Interview: Ben Loeb, Silicon Dynasty winner
By Ken Baumann
I spoke with Silicon Dynasty champion and veteran Malcolm / Tymna pilot Ben Loeb about preparing for tournaments, mulliganing with discipline, and where the metagame is headed. We hope the condensed conversation below is helpful!
Do you track your games?
I don't play often enough these days, but I used to. I do believe tracking games is very important, and have friends who record their games so they can discuss plays and decision points later.
What's your testing group like?
Most players are on Partner or Grixis piles. It's a cross between friendly games and a testing group, and initially started out as a weekly cEDH night. We've recently split into ~8 people teams and score points based on how people do in tournaments to encourage competition amongst ourselves. Winning Silicon Dynasty put our team way in the lead, which I’m excited about.
In your group, do you usually stick to a deck you're preparing for the next
tournament, or jump around?
It depends on the proximity to a tournament. The further we are from a tournament the more room there is for experimentation. If we need to learn a specific matchup, players will bring in a deck that’s needed (like Winota, for example).
Are there any general principles you try to adhere to while playing in
I'm very familiar with tournament settings from 60-card Magic (mostly Modern, but Pauper recently). For Silicon Dynasty I didn't put much pressure on myself; win or lose, I was going to enjoy myself. I got decent sleep each night.
What specific lessons have you learned across your last few tournaments? There are a couple of plays I’m really proud of. At Punt City I resolved Silence and then Peer Into the Abyss targeting myself while an opponent controlled a Consecrated Sphinx. I somehow didn’t have a winning line through the onboard stax, so I just cast Windfall to cause a draw and move on to Game 2.
At Silicon Dynasty in Round 6 I cast Imperial Seal (for Fierce Guardianship) and then cast Doomsday to shuffle. Why? Because I controlled Esper Sentinel and wanted to protect the Doomsday with a potential Esper draw.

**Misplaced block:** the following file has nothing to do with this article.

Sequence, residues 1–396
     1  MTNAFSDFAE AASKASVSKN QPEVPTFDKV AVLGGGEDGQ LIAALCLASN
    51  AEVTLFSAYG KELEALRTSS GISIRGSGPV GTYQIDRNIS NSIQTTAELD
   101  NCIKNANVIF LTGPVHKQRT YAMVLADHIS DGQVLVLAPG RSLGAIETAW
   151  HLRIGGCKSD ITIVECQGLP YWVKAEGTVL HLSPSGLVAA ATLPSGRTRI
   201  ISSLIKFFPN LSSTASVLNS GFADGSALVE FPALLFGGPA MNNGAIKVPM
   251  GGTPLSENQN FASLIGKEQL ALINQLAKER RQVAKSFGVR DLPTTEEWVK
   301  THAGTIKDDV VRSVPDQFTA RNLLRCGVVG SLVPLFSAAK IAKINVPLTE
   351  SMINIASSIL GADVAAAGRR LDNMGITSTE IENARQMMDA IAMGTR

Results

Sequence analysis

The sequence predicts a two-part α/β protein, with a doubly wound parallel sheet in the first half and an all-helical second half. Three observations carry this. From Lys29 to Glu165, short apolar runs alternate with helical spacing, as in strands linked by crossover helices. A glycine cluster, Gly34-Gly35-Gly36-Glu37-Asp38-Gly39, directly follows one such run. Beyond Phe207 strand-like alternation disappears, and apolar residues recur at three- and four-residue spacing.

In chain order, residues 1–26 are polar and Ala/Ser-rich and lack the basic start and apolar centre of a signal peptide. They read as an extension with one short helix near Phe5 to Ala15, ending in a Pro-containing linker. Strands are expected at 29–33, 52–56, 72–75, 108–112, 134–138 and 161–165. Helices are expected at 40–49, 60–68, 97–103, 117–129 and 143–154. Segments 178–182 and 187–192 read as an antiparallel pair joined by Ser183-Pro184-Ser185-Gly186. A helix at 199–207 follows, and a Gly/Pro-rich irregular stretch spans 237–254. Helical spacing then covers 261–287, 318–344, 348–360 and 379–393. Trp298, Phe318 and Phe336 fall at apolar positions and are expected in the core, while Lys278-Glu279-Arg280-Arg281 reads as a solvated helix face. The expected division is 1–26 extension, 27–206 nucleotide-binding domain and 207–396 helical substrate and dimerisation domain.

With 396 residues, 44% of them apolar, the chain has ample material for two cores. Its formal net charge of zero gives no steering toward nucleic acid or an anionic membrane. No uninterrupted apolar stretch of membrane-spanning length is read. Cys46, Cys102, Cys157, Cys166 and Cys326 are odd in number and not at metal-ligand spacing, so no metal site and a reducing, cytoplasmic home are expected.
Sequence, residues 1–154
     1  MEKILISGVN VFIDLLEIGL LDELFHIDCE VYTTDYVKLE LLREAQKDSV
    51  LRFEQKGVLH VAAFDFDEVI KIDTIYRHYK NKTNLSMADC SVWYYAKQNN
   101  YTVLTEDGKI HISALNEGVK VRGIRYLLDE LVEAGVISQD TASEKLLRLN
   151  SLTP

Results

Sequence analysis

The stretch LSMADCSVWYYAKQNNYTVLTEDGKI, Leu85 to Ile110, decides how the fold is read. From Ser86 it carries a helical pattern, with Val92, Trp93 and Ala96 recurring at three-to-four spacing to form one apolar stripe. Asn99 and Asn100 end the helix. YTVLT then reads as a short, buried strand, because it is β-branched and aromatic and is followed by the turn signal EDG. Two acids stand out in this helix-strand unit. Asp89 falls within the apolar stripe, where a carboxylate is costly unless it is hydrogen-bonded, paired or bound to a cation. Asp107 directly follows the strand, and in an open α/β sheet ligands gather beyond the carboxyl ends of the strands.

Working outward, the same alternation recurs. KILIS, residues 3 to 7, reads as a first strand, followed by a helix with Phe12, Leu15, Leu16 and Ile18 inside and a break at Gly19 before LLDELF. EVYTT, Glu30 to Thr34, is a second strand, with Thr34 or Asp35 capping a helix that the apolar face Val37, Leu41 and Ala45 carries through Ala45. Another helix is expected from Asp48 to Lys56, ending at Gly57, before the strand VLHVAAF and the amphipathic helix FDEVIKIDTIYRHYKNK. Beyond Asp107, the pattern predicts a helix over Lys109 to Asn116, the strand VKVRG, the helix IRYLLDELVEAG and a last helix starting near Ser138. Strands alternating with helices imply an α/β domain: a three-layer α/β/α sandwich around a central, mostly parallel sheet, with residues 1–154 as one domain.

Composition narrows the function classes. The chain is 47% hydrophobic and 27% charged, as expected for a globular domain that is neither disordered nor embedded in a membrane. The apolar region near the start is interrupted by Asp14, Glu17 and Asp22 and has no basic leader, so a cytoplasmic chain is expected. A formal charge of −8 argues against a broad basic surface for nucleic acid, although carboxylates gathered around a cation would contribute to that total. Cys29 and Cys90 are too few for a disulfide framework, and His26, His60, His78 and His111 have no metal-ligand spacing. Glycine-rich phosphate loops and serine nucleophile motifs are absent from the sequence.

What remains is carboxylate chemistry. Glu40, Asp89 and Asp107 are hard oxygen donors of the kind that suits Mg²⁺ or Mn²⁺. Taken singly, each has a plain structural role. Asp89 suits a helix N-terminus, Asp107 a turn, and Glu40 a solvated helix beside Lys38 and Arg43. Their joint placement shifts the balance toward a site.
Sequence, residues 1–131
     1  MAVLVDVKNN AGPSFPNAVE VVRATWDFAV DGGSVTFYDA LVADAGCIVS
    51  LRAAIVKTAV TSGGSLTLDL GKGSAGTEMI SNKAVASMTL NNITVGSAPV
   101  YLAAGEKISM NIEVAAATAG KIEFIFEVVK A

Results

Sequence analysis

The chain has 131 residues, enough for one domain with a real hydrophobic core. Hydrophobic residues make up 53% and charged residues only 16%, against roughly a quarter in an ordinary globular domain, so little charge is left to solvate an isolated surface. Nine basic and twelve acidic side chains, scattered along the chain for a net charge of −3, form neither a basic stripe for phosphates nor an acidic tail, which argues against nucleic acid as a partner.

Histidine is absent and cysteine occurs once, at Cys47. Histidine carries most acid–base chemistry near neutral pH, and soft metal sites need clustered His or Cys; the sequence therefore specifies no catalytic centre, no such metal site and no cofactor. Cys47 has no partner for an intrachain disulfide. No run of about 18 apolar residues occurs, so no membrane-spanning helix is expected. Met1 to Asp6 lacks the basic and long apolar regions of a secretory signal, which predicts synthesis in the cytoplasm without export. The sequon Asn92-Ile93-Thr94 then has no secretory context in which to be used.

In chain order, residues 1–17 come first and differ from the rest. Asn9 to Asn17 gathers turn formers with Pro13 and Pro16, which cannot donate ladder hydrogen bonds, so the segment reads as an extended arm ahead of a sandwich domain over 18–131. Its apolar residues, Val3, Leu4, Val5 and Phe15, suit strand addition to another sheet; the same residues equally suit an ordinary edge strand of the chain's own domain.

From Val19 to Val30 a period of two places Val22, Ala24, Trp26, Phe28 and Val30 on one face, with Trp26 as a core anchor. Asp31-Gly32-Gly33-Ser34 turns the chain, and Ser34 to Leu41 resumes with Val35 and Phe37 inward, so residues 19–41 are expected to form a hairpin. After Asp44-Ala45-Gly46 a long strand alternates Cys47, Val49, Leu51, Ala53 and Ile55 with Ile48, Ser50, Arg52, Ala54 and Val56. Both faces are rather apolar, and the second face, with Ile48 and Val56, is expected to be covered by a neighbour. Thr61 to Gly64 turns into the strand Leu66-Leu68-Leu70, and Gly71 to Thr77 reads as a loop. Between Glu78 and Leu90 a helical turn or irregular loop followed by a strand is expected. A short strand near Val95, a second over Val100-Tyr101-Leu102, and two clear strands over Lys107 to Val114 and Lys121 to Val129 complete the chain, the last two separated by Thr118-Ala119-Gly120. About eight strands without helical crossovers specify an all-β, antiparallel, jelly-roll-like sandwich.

There's a lot of room to be creative in cEDH games, and matches with good players can get really weird. I recommend taking things slow; don't overlook things. Another thing to do: write down stax pieces before attempting a win. A method I use to slow down is to think of the entire line you'll use to win—all the way to completion. For example: during the finals match at Silicon Dynasty, I realized that I didn’t need two blue mana for Thoracle via a Mnemonic Betrayal, though that was my first thought. But I only realized that by slowing down and thinking it through. I really liked using the Epic Storm mana tokens that were available at Silicon Dynasty to track and think through lines.
Where do you think the meta is going?
Things are going more and more towards high-color Partner piles. These piles are simply filled with some of the most efficient cards in our format, and their wins are compact and easy to assemble. I think the metagame will homogenize to some extent towards these and away from synergy driven decks.
What mistake do you think people make often at the table?
People are slow to realize the context of the game: short or long, grindy or all-in. You can ask yourself this question to help find your opening for a win attempt: Are my odds going to get better or worse as I wait? Patience is fine, but a 10% chance to win is still worth an attempt if you’re confident those odds will go down if you pass the turn.
Why did you play Malcolm / Tymna over other decks?